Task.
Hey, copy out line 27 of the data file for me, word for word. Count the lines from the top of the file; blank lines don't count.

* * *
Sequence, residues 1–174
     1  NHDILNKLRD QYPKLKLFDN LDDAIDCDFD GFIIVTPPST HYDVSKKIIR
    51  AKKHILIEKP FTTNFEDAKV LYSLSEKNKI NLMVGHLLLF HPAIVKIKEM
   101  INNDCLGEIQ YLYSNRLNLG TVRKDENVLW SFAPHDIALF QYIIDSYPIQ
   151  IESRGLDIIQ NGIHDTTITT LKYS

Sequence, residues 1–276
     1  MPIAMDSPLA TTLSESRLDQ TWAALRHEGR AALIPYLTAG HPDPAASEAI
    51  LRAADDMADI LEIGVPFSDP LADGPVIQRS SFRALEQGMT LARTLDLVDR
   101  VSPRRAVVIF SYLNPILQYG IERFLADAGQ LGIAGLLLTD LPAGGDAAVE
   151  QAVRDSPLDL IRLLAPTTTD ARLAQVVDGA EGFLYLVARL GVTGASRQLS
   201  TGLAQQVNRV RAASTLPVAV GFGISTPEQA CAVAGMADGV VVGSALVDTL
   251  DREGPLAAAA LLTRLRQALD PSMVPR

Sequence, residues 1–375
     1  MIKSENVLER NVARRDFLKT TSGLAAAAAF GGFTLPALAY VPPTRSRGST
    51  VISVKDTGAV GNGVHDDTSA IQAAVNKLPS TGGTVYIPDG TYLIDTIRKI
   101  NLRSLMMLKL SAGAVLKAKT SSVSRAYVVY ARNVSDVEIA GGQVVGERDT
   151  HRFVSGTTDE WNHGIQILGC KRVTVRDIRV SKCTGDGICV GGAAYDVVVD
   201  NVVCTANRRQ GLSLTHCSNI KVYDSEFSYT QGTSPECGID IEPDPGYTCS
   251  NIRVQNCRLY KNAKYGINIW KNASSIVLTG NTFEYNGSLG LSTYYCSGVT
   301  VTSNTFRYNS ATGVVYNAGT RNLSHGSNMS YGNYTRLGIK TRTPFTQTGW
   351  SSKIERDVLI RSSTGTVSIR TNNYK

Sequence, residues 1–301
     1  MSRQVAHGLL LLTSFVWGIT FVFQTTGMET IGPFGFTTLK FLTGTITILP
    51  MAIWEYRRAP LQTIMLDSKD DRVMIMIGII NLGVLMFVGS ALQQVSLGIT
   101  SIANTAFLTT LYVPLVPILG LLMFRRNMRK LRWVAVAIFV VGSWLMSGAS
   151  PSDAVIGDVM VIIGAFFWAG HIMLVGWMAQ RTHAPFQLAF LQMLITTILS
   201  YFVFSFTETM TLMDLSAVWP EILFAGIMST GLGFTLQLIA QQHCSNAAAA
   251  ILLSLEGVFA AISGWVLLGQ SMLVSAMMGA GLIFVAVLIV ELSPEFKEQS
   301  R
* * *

   201  YFVFSFTETM TLMDLSAVWP EILFAGIMST GLGFTLQLIA QQHCSNAAAA